[3] Our review of the record shows that the following circumstances corroborate the trustworthiness of Marshall's statements to Johnson:

(1) The statements implicating Marshall with appellant were against Marshall's penal interest when said because the statements made Marshall a party to murder at a time the police were still investigating to determine who had committed the murder.

(2) The statements accurately described some of the injuries, specifically, that the victim had been stabbed in the throat and abdomen.

(3) Marshall was present at the party so as to have the opportunity to have participated in the murder.

(4) Marshall may have had a motive to murder the victim. While testifying on the bill of exception, Johnson stated that Marshall said the victim used to get friends to beat him up and steal his money and drugs.

(5) Marshall related these statements to Johnson, a person he may have considered a friend.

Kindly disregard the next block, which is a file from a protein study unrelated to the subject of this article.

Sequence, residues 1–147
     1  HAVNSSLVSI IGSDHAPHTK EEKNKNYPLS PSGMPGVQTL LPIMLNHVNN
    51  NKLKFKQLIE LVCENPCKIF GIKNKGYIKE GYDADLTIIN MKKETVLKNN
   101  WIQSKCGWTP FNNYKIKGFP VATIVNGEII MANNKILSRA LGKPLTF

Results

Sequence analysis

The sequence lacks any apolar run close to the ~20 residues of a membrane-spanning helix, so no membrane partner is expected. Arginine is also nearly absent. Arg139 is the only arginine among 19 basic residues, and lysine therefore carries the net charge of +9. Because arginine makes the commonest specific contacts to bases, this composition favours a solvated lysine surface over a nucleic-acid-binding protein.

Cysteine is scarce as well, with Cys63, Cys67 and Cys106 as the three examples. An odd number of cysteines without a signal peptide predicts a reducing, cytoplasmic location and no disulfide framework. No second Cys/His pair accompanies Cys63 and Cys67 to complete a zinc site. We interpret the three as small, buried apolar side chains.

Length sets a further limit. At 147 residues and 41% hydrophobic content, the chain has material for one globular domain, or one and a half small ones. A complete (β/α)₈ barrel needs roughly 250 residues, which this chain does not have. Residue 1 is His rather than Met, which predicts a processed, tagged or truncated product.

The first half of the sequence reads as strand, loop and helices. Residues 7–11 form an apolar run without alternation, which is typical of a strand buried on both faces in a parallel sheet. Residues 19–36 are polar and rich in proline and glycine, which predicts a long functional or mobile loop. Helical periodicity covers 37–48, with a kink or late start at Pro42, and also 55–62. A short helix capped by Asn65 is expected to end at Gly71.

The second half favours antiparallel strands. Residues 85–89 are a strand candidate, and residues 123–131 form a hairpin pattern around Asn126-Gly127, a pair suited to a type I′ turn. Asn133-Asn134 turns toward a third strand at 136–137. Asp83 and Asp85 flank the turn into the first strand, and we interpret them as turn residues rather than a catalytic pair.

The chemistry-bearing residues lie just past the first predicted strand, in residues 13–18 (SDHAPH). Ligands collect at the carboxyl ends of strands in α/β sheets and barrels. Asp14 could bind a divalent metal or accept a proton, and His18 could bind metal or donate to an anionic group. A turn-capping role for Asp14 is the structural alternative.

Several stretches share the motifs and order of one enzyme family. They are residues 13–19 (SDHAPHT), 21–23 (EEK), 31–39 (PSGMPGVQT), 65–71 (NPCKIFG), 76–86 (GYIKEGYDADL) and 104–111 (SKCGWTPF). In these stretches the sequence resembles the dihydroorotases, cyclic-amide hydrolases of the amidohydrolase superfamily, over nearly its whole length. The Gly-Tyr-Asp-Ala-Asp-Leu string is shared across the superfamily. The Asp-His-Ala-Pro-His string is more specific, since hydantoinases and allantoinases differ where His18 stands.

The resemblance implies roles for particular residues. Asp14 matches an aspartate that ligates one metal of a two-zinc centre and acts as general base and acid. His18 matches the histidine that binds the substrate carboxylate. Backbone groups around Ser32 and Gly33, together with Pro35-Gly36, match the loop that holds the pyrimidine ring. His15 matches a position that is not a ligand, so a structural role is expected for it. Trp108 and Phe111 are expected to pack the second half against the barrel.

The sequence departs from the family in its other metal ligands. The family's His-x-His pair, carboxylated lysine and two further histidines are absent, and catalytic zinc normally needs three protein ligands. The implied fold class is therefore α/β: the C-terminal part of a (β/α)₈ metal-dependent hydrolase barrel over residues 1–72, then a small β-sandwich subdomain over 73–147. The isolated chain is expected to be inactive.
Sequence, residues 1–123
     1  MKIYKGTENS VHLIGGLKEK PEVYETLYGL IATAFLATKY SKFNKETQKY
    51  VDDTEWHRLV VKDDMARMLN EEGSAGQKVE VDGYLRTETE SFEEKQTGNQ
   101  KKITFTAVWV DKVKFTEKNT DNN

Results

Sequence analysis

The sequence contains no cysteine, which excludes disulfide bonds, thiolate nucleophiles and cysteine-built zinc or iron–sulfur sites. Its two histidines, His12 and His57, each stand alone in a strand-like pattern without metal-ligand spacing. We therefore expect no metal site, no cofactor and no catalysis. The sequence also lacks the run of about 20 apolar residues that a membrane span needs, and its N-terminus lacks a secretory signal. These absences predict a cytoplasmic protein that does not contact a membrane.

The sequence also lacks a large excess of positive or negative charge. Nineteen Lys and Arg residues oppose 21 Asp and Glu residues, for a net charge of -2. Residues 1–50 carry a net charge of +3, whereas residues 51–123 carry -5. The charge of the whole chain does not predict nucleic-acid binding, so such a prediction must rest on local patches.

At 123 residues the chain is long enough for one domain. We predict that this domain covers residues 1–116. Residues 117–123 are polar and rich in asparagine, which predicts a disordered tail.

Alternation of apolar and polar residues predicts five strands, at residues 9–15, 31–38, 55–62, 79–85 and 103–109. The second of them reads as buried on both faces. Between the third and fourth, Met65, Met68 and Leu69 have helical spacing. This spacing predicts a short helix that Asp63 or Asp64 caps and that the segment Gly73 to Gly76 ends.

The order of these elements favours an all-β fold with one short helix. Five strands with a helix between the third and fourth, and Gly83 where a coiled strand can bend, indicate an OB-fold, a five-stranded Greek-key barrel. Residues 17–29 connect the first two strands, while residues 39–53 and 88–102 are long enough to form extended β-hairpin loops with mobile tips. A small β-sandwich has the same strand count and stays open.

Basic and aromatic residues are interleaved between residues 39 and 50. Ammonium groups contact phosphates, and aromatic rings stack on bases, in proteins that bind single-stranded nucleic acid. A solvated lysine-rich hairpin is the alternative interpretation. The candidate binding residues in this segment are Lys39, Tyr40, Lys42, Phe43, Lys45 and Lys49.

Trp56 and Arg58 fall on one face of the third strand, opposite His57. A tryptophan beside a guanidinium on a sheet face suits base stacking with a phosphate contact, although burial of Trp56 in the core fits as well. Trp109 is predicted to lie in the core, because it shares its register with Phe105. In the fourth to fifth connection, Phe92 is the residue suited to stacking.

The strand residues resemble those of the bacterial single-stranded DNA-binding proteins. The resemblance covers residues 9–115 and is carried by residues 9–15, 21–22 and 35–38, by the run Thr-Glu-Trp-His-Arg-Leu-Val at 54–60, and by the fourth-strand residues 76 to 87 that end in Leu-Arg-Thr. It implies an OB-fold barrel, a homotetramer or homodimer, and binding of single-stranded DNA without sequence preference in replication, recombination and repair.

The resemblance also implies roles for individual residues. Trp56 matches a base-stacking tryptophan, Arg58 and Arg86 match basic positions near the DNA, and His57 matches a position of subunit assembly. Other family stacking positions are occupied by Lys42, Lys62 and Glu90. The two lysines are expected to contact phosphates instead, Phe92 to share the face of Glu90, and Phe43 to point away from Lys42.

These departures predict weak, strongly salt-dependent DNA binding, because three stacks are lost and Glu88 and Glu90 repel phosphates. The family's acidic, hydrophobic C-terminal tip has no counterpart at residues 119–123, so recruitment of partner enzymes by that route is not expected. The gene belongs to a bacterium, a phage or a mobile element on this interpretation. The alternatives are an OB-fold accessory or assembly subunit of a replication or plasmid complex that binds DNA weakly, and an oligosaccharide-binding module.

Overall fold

(6) Appellant's trial testimony reflected that Marshall might have stabbed the victim in the stomach with a piece of bottle.

However, other circumstances indicate the statements are untrustworthy:

(1) Marshall's statements describing the injuries inflicted upon the victim were wrong in some significant aspects. His statement made before the body was discovered, claiming that the victim had been beaten with beer bottles was untrue. His claim that the victim face had been slashed was untrue.

(2) Marshall's statement that the victim had been stabbed in the throat and abdomen was made on the day the body was discovered and there is no showing Marshall could not have learned of the general nature of the wounds before speaking to Johnson.